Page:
We experimented in our quarters in Algiers in August or September of 1943 with DDT as a residual insecticide sprayed on the walls in kerosene and for many weeks thereafter had flies coming up from the Pasteur Institute stables dropping off the ceiling into our soup. With the dramatic results of the Naples typhus campaign already known, General Stayer decided that the Army was in a position to handle any or all threats of typhus in Europe and early in March 1944 requested that the Foundation group turn its attention to studying the possibilities of using DDT for malaria control in Italy. A field programme was set up in the Castel Volturno area and houses also sprayed with various formulations of DDT and certain houses were even powdered with DDT. This field demonstration was proceeding beautifully when contrary to solemn commitments previously taken, Justin Andrews suddenly moved into the area with Paris Green since unexpectedly our control area had been chosen as a staging area for troops coming from Northern Italy in preparation for the invasion of Southern France. The 1944 tests then were convincing to those of us who participated in them but were not as conclusive for the season as we desired. In June of 1944 our Headquarters were moved to Rome and some of the work was carried out that year on a small scale on an island at the mouth of the Tiber river. (Dr. Kumm participated in this programme). In 1945 a large scale test was organized with Dr. Kumm participating in the beginning before leaving for Brazil and with Fred Knight actively working on the project in both 1944 and 1945. In 1945 the Tiber delta and the area north of the delta were completely sprayed, with Dr. Missiroli continuing his observations on the occurrence of malaria in the area. This was probably the first well controlled complete demonstration in Europe and may have been one of the first carefully controlled projects in an area where the history of malaria was known and where the machinery of control existed. Dr. Missiroli's observations on the results of our work that year led him to declare publicly in January 1946 that future use of bonifica should depend entirely on agricultural needs and not on health considerations. Dr. Missiroli also undertook solemnly at that time to eliminate malaria from Italy within a 5 year period.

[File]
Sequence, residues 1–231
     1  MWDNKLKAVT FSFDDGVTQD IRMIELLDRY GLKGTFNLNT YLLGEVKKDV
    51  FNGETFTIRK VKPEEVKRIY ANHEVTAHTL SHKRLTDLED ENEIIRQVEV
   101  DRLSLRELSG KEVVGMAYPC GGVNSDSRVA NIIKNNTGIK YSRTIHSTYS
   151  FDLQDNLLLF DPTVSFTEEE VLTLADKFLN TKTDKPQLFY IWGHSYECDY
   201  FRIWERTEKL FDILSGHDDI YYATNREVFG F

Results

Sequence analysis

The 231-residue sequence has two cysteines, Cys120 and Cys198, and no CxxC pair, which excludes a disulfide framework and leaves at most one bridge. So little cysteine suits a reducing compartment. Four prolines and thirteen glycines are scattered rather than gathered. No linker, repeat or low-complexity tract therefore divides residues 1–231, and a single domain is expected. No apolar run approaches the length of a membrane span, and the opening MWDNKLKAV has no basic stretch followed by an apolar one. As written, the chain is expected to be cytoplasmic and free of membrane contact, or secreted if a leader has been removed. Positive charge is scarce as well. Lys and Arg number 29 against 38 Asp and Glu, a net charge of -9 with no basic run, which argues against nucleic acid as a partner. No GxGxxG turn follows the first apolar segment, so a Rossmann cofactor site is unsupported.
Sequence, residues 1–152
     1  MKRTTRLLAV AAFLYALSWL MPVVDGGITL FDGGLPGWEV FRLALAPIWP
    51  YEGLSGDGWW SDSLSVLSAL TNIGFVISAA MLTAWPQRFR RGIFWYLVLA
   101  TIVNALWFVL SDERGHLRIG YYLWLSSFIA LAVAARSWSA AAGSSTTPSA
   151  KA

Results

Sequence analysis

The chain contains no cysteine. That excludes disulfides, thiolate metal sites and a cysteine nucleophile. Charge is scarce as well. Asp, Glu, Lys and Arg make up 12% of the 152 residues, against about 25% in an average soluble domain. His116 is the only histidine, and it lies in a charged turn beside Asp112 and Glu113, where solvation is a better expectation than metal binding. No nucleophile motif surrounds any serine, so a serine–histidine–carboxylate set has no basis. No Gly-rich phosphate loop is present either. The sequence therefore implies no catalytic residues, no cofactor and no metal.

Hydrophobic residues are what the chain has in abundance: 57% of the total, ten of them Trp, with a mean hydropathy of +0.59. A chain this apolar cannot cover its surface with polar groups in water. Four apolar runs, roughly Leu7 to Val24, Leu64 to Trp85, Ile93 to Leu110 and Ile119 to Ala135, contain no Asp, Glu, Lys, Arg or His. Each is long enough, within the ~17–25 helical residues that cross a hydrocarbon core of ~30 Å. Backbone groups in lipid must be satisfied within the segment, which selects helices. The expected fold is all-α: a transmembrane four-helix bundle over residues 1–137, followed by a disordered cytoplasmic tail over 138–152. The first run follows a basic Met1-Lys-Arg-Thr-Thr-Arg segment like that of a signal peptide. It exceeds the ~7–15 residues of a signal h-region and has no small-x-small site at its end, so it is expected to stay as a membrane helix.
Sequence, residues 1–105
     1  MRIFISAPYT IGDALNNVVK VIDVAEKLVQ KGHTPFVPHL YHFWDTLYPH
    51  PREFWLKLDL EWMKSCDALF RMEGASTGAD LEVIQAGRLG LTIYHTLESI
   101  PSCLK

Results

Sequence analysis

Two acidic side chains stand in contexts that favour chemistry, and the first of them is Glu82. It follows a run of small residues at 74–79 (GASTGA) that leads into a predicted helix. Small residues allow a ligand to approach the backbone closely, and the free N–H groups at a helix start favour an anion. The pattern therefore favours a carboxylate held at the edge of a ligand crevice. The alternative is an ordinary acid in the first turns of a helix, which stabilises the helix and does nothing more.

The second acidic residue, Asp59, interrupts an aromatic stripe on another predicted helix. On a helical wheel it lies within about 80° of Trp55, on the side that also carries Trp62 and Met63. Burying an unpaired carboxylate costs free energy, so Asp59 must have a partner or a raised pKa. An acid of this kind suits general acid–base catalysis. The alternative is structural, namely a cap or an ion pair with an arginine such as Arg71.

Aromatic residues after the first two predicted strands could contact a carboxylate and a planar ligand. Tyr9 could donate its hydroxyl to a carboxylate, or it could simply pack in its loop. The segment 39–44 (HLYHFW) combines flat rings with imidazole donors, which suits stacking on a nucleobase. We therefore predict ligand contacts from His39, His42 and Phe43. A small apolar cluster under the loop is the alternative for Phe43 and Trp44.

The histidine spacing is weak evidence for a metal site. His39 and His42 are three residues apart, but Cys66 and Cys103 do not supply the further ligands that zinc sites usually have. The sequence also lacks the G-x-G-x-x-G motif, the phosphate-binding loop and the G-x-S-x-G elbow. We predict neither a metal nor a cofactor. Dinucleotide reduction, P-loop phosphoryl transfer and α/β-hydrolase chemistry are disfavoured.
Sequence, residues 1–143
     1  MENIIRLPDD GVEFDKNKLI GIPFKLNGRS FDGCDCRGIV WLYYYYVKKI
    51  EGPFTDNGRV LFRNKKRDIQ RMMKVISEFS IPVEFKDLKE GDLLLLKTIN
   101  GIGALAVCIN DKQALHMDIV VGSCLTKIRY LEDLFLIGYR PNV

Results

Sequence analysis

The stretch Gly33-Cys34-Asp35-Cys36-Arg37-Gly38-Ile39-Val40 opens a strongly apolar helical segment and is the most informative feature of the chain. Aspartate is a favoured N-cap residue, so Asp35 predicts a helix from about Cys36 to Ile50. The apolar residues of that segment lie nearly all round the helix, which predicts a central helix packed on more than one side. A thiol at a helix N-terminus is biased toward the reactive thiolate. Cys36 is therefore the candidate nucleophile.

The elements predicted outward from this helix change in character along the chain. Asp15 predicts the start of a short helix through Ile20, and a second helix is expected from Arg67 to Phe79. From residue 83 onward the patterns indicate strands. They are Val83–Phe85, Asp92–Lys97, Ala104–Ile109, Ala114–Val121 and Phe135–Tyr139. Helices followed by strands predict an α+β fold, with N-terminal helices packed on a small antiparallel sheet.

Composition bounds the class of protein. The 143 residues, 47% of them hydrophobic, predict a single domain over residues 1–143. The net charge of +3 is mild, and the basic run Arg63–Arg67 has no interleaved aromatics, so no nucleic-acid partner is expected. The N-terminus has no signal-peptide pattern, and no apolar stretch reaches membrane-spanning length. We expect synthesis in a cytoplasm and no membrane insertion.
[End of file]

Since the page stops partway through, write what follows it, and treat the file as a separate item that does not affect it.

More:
I have not canvassed the literature regarding other efforts. You will remember that during the war period there was great secrecy and failure to publish, but I doubt that there was any place the convincing kind of demonstration carried out so early where the incidence of malaria was high and where the control of results was so definite as in the Tiber Belta 1945 Demonstration. You will remember this area was carefully prepared for the production of malaria by the German specialists before the German retreat and 1944 was a highly malarious year. The physical conditions prepared by the Germans had not been corrected in 1945.